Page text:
Construction restrictions imposed by Pennsylvania during the coronavirus pandemic turned into good news for Westlake, Mayor Dennis Clough said Thursday in a “Moments with Mayor Clough” virtual meeting with a handful of residents.
Work on the city’s new $12 million community center is ahead of schedule because the contractor, the Mike Coates Construction Co., brought in additional workers from the neighboring state, Clough said. The mayor expects the contractor to finish work on the center by December. City officials previously stated construction would finish in June 2021.
Plans call for a one-story, 25,000-square-foot building, double the size of the current center, featuring a café, theater space, fitness studio and courtyard. It will be built next to the Westlake City Recreation Center, 28955 Hilliard Blvd.
Westlake's finances also are in good shape, Clough said during his early morning presentation.
“Even though we’ve had some challenges here in the city of Westlake, like any other city, in dealing with this COVID-19, overall, I think we’ve been meeting those challenges,” Clough said.
Westlake’s “rainy day,” or reserve funds,are helping the city remain financially stable, according to Clough, who estimated Westlake’s reserves contain enough to cover city general fund expenditures for six to eight months.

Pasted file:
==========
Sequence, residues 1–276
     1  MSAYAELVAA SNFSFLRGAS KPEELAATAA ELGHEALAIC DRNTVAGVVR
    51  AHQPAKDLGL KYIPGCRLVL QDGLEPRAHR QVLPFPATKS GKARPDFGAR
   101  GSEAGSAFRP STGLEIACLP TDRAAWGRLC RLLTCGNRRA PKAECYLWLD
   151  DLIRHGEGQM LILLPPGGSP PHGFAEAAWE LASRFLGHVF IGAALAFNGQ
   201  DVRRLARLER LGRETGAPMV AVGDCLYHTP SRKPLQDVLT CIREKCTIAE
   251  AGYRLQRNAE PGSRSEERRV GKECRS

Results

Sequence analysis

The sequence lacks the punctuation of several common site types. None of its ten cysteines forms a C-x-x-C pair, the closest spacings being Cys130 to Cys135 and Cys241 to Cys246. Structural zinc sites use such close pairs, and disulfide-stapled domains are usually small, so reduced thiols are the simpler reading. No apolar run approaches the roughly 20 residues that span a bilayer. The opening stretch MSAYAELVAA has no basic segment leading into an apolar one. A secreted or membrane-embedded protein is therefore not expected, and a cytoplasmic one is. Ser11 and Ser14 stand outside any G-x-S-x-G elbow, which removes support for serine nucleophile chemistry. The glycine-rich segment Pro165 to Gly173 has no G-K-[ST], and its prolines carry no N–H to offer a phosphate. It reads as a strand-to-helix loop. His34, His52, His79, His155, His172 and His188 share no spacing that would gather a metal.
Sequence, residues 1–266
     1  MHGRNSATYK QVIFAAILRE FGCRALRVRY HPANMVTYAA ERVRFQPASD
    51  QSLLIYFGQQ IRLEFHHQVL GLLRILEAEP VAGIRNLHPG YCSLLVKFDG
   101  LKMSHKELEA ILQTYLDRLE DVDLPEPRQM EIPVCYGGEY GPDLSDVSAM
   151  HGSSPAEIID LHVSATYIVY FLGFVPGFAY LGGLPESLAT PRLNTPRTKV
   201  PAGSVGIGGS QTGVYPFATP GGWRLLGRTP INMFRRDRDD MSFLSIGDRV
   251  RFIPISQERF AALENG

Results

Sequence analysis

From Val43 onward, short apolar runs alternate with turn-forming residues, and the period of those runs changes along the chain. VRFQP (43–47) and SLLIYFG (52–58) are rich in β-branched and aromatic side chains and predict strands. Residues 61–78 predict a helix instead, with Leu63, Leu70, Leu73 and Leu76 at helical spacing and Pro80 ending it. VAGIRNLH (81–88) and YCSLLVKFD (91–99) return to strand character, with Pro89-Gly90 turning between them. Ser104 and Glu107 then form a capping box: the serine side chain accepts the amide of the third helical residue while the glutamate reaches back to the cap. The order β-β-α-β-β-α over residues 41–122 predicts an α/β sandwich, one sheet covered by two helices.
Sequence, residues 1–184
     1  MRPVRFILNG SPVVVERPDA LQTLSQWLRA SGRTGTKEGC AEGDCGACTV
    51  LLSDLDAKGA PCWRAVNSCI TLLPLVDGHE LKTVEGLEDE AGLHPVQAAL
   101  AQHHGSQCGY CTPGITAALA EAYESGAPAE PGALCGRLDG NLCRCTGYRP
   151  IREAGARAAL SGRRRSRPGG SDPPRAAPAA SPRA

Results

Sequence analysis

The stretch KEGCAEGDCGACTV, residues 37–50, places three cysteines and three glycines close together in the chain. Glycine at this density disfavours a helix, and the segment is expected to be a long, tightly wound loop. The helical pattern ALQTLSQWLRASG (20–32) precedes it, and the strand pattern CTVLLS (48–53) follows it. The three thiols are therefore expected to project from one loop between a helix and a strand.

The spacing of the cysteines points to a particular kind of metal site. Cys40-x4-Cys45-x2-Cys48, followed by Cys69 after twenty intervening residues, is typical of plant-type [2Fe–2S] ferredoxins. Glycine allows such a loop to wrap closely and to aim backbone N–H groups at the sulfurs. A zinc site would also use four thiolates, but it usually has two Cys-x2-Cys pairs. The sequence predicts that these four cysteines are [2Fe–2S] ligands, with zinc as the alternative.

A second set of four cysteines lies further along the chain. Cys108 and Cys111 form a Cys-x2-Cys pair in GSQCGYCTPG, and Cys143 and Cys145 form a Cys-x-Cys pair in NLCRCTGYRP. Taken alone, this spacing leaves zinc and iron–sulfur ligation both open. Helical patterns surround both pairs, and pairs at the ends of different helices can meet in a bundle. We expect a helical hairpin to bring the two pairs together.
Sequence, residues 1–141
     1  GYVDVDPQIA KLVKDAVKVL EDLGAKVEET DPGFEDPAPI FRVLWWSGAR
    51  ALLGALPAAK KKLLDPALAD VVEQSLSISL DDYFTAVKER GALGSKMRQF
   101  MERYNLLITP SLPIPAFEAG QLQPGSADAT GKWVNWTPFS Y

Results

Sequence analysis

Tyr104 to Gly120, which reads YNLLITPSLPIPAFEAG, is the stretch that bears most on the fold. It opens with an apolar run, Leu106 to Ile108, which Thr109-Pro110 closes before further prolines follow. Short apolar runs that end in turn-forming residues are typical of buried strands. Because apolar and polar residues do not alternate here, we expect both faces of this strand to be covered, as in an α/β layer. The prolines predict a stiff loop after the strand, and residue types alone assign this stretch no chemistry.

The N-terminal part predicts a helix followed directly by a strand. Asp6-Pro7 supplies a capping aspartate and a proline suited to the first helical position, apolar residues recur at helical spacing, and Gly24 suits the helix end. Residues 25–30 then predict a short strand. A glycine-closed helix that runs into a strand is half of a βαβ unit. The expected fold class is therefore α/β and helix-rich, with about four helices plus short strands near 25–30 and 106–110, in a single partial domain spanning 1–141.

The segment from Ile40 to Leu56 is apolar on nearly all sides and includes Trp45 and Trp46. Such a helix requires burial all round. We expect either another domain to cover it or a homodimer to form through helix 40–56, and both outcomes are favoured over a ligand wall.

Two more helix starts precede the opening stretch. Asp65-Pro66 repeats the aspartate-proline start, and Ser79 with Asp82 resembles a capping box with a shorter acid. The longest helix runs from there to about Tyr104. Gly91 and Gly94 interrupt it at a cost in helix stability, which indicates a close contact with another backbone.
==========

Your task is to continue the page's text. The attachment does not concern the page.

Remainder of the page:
Expenditures in the general fund, which pay for the city's day-to-day operating expenses, run about $33 million annually, he said.
Finance Director, Prasant Shah said the administration and Westlake City Council annually set aside reserve funds in various city accounts.
Westlake’s pre-pandemic finances looked healthy, Clough said adding that in April, revenues were up 3.4% over the same time last year. Those revenues fell by approximately 40% in May, Clough added. Reductions in state funding also are likely on their way, Clough said. As an example, Clough added that Ohio’s gas tax probably will not raise as much as anticipated because people have not been driving as much during the pandemic.
“The really good thing is the economy is coming back a little quicker than most people anticipated,” Clough said.
Participants were concerned about how many Westlake residents have contracted the disease. The Cuyahoga County Board of Health, which provides a range of potential COVID-19 cases in cities, estimates there are between 112 and 171 cases in Westlake, Clough said. The board reported 319 deaths countywide as of Thursday, including two pandemic-related deaths reported by University Hospitals St. John Medical Center. Clough said.
Clough’s own father, 88, contracted and survived the disease.
“He is now at home … So, we are happy about that.”
Ohio Gov. Mike DeWine deserves credit for reopening the state slowly, Clough said, though he added he is eager for Ohio to reopen completely.
The decision to postpone the city’s Fourth of July celebration, including the annual parade and fireworks display, was not an easy one, Clough added. The hope is to have some sort of celebration in September.
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